Trichinosis is caused by any species belonging to the Trichinella parasite. Specifically, common species of Trichinella are found in bears and walruses.
Here is an example of a real outbreak:
Four hunters traveled to a camp near Bethel, Alaska to hunt for bears. After killing a bear, they fried and ate its meat, and two to four weeks later, they all began to experience the standard symptoms. Trichinella larvae cysts were detected in the bear meat by the DEC Laboratory. It’s assumed that the quick frying method the hunters used was not enough to kill the parasites.
There are three phases to a Trichinosis infection.
Once Trichinella cysts are consumed, they develop into adult worms in the small intestine. This typically takes about five days. Pregnant females will then produce 500-1500 that make their way through the peripheral circulation and encyst the striated muscle.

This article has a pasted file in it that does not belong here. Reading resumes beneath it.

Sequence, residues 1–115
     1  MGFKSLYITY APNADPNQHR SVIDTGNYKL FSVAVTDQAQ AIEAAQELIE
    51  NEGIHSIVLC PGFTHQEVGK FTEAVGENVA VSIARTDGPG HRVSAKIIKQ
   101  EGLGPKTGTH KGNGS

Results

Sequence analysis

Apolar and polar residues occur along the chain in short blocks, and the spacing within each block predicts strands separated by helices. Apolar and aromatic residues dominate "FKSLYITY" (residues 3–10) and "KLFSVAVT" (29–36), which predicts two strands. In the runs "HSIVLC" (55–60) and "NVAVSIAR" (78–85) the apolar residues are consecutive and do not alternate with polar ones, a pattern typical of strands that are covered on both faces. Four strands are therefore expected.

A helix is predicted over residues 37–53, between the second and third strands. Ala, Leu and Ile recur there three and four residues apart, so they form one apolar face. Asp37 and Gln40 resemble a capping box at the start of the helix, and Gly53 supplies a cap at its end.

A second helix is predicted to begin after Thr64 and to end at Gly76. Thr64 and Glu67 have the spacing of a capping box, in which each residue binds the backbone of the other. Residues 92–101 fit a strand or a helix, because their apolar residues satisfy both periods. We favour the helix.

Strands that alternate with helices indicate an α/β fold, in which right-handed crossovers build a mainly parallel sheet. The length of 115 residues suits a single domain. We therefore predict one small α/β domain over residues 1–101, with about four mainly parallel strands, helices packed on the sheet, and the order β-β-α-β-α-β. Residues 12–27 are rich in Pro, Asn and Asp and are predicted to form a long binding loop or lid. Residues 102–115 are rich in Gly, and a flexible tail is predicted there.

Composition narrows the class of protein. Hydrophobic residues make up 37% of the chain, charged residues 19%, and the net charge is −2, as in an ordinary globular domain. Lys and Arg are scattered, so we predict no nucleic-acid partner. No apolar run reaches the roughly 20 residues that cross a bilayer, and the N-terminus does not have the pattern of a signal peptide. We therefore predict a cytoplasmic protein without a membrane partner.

In only a week’s time after someone consumes the infected meat, patients can develop gastrointestinal symptoms such as nausea, vomiting, diarrhea, or abdominal pain. As the larvae began to move, fever, rash, myalgia and periorbital edema may be experienced. Unfortunately, for everyone, encysted larvae can remain viable for years. The severity of the illness is dependent on the dose.
There is treatment that can be done for Trichinosis, though cooking your bear meat thoroughly is a great way to ensure you do not get sick. Cases can be mildly unpleasant to severely, fatally damaging. Typically, if the infection is caught early enough (this is rare), the side effect’s can be reduced.
A few things to remember:
1) Healthcare providers should consider trichinosis to be in any patient with typical gastrointestinal symptoms, and have recently consumed bear or walrus meat.
2) Alaskan bear and walrus meat is not cold-resistent. Simply freezing the meat will not get rid of the larvae cysts.
3) Most cases of trichinosis involve multiple people.